BOONE AND CROCKETT CLUB EDUCATION PROGRAMS
Since the early 1960s, the Club has supported numerous wildlife studies as part of its continuing commitment to conservation. Member Aldo Leopold, widely acknowledged as the "father" of modern wildlife management, set early standards for the Clubs emphasis on research and education. Since the mid-1980s, the problem of sustainable development, the process of making resource use consistent with present and future needs, has become an increasing concern of Club members.
A visiting student attending the Lee and Penny Anderson Conservation Education Program on the TRMR learns about Water Quality Monitoring through a hands on demonstration with a dissolved oxygen testing process.
Dynamic and evolving, the conservation program continues to test convention and look for new solutions to ever-changing challenges. The Clubs K-12 Conservation education program, the Boone and Crockett Professor of Wildlife Conservation Program at the University of Montana, and the William I. Spencer Grants-In-Aid Program demonstrate the Clubs commitment to conservation research, education, and demonstration.
The future of our world depends on the choices people make. Education is a key factor in what those choices are. The Boone and Crockett Conservation Education Program strives to offer perspectives that will foster shared use of natural resources, conservation, sustainable development, and stewardship of the land to build a common ground for sustaining healthy ecosystems.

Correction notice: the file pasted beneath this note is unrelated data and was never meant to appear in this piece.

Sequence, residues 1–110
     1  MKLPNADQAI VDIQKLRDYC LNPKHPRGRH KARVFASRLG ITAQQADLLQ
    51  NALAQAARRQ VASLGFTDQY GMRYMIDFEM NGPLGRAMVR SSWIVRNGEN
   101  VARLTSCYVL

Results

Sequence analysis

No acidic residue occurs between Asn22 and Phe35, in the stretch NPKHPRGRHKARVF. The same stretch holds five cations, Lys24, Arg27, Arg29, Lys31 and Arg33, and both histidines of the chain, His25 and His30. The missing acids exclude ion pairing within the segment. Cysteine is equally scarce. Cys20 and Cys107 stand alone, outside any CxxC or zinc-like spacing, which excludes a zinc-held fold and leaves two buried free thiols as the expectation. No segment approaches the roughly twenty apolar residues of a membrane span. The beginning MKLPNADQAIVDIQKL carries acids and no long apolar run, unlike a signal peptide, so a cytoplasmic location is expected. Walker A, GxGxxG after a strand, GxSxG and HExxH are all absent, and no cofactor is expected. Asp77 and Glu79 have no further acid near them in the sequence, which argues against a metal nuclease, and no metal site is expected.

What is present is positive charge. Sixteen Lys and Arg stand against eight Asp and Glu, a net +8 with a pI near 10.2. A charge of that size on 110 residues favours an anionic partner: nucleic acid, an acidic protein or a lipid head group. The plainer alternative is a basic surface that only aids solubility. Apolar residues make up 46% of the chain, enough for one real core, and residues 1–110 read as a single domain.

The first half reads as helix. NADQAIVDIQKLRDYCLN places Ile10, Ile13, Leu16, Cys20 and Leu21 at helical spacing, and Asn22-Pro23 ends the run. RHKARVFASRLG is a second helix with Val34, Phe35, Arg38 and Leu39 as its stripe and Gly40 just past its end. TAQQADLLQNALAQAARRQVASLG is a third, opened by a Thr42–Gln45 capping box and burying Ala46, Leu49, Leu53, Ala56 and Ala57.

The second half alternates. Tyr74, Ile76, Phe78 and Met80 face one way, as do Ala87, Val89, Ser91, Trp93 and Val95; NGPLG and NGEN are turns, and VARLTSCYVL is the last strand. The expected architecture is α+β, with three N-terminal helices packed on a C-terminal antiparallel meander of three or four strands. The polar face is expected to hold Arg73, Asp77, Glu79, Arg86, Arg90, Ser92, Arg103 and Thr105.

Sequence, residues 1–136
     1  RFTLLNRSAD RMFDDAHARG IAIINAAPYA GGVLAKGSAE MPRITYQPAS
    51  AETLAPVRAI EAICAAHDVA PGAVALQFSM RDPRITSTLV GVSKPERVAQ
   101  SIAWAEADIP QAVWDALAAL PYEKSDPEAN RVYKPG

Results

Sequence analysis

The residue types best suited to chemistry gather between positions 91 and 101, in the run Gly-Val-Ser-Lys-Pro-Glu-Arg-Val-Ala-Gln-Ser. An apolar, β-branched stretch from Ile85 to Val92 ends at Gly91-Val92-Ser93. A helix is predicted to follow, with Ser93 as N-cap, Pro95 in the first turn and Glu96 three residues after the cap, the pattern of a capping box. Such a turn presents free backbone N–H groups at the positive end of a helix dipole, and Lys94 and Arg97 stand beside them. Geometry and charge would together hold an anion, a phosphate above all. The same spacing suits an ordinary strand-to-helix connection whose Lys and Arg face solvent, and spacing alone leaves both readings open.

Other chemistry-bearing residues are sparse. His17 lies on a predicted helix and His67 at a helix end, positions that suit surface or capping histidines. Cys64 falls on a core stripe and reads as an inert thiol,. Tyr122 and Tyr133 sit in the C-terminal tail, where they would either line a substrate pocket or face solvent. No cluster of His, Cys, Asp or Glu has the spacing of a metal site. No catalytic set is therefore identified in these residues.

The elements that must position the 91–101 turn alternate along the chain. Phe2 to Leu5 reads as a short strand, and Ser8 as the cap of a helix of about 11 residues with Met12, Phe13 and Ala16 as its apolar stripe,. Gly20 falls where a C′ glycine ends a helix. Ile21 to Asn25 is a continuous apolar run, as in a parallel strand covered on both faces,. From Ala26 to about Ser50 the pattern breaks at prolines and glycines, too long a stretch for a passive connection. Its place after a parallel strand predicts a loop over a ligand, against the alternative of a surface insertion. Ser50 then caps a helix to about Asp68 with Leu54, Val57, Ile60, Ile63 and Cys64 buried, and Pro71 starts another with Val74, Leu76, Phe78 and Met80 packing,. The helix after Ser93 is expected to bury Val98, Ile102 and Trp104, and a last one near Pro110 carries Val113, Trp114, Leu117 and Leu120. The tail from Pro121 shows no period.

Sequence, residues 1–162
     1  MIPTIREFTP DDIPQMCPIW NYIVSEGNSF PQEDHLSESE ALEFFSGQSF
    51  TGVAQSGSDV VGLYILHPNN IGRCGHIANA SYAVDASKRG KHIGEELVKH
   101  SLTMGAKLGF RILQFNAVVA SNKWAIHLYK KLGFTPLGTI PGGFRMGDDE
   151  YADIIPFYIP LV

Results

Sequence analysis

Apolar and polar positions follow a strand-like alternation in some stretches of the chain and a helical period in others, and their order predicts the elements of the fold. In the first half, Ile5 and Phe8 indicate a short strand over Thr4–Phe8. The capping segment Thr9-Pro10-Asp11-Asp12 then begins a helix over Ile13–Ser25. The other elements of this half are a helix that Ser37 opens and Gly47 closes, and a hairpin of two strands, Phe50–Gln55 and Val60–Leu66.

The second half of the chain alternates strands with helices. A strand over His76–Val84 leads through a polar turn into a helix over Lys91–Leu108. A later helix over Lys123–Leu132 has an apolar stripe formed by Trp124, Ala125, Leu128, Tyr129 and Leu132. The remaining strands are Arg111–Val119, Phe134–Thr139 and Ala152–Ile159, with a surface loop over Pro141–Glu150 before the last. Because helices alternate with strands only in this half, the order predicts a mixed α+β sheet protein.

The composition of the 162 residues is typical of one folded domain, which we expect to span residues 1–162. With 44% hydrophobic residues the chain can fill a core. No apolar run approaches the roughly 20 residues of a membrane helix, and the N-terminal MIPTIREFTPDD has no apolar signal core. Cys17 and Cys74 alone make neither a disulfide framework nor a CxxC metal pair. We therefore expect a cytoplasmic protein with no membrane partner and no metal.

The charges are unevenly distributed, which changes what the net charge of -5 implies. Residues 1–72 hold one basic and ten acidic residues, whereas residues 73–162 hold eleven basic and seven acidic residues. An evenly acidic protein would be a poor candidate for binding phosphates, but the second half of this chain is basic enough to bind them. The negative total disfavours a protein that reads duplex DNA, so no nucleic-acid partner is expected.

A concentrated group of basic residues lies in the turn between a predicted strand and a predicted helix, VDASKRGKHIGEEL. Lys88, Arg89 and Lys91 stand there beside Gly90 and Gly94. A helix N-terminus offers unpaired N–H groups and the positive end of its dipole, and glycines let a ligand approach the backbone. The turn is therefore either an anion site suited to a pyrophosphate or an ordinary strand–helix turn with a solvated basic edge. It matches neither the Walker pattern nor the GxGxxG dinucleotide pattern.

The Boone and Crockett Wildlife Conservation Program is focused primarily on the integration of wildlife conservation and private land management. This program includes research, extension of information, teaching, and documentation. The Boone and Crockett Wildlife Conservation Program also supports graduate students in wildlife conservation and related fields through its Fellow Program.
The William I. Spencer Conservation Grants Program supports critical research required by managers. Conservation Grants differ from other wildlife funding sources in that it invites applications from graduate students, and funds their work directly. It helps aspiring young wildlife students to get started-including many who go on to develop professional careers of distinction and significant accomplishment. The Conservation GrantsProgram has seeded the careers of some of the professions brightest and best.